I took my “main chick” at the time as my monogamous girlfriend as sort of a personal experiment. I wanted to see if this was truly an unhealthy addiction and if I could find happiness without the constant pursuit. Not the best reason for entering a relationship (lol) but it was radically different from what I’d been doing.

Around the same time, again, I found my reading evolving. Instead of game blogs, I started reading a lot of old great texts. The latest on rationality is great, and Scott’s the best writer I know in this “sphere” but most writing on virtue and happiness is just boring regurgitation of the wisdom contained in old epic poems and religious texts. Those are easily dismissed because they’re 1) old and 2) didn’t show their data. More psych communities should start with the hypothesis that the old wisdom (eg biblical) is true and work to disprove it. /side rant lol

These old books preach virtue as the path to happiness. Virtue mostly being defined as living in accordance with nature while rejecting the pursuit of things (money, status, sex). Sex for me was the big one. I removed my want for money and status in my pursuit of sex as a PUA. Now, I wanted to focus on removing the unhealthy desire for constant sex and female attention.

This led to changing how I view the women I was interacting with and my actions. When I was in pickup, I saw the highest goods as *being attractive* and *honesty*. If I was attractive, as long as I was being honest, I was doing “the right thing”. For example, I always told girls I wasn’t monogamous and wouldn’t take them on dates to “get their hopes up” to keep their expectations in-line.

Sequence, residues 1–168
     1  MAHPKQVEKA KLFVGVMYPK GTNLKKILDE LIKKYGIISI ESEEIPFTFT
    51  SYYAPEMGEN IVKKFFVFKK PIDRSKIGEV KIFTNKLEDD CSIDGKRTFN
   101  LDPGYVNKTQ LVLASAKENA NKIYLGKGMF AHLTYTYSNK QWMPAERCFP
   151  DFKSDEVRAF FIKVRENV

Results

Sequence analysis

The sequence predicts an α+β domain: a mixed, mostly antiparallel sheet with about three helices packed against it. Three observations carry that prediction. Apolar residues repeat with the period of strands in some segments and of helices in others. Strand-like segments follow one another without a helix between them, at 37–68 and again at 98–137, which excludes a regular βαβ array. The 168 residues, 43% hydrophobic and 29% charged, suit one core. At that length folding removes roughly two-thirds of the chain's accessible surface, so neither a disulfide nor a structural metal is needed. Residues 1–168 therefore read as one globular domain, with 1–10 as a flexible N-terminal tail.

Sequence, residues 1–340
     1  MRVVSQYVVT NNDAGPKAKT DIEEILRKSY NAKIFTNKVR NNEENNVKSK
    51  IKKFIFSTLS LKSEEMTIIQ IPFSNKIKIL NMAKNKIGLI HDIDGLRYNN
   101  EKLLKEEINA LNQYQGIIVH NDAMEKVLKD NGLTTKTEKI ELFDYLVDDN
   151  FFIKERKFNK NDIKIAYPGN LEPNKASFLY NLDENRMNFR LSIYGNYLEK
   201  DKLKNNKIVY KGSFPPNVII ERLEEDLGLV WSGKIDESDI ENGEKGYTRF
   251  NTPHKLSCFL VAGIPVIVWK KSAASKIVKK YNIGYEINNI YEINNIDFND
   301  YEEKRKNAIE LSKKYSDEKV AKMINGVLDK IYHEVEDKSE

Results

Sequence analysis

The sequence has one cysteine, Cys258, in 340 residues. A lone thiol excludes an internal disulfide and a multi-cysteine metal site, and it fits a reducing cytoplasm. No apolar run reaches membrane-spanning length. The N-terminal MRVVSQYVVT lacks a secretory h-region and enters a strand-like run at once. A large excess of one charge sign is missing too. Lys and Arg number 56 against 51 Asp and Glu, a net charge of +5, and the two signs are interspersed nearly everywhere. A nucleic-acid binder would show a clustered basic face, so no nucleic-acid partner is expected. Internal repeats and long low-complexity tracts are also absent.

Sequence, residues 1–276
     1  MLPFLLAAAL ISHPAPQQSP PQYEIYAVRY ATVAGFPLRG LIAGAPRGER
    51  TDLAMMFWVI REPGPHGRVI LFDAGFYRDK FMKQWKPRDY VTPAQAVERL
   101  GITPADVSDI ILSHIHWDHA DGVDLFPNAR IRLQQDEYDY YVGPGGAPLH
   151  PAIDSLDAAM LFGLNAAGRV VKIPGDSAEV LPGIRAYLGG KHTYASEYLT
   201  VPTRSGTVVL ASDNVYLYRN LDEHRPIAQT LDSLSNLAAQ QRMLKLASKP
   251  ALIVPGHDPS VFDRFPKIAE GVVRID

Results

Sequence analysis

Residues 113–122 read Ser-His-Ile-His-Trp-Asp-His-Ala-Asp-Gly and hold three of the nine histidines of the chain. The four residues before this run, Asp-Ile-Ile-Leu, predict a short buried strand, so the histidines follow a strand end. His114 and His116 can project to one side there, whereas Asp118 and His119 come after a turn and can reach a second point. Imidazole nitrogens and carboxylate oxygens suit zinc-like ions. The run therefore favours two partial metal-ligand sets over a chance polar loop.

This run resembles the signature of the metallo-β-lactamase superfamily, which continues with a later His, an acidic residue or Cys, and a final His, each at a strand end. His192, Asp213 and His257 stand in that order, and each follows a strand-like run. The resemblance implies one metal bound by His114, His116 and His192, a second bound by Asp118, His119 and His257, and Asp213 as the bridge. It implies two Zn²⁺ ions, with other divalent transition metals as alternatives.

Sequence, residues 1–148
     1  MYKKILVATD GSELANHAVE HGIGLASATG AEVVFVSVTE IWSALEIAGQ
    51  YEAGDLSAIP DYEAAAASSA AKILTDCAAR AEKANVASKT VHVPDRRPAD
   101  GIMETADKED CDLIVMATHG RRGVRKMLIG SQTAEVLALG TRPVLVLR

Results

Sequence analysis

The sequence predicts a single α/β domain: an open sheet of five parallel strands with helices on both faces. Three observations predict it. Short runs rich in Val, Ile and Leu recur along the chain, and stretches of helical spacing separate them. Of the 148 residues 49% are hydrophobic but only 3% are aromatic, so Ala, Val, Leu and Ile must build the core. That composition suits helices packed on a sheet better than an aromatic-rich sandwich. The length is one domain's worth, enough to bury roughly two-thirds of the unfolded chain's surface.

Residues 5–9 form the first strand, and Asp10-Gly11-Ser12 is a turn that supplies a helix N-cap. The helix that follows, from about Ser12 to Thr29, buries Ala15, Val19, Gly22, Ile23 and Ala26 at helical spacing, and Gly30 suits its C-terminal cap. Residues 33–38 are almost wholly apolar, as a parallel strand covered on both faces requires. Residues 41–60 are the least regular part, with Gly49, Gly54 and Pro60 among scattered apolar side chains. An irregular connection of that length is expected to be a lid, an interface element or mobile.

This is what changed, for me, the shared thrill you and I had with casual. Casual sex is fun, but it’s certainly not the ultimate good. I see what I was doing to women (even when they all enjoyed it) as ultimately destructive. I was giving myself hits of heroin by having sex with them, and I was giving them heroin at the same time. I was making them want more heroin, instead of *not wanting things* which makes a relationship based on virtue possible.

I know I keep making drug references but I’m not an addict and I don’t really have an addictive personality lol. It’s just for comparison, and I think it’s a fair comparison. Also I promise I’m not a Bible-thumping religious zealot. I just see a lot of wisdom in the Bible (and similar old books), and more and more modern science backing that up (short version: happiness isn’t found in hedonistic pursuit).

Now I see virtue as the highest good, and the true path to happiness, which I see as a *true contentedness*. I highlight this because it must be genuine – you must want this contentedness instead of secretly wanting attention from the hottie at the gym. I see this also in the case of relationships. Relationships based on this virtue (where each other’s happiness is the goal and virtue is the means) are much more likely to last than trying to maintain your attraction and attractiveness as the primary reason for the relationship (which, by definition, will fade over time). My reason for being in my monogamous relationship evolved over time, and that relationship eventually ended, but I’m grateful for all the experiences.

I’m happy to talk more about any of this.

I’m also happy to hear that you’re now married. I’m truly envious of that, and I hope you search for beauty and happiness in that and in you. Because it isn’t elsewhere… I looked 🙂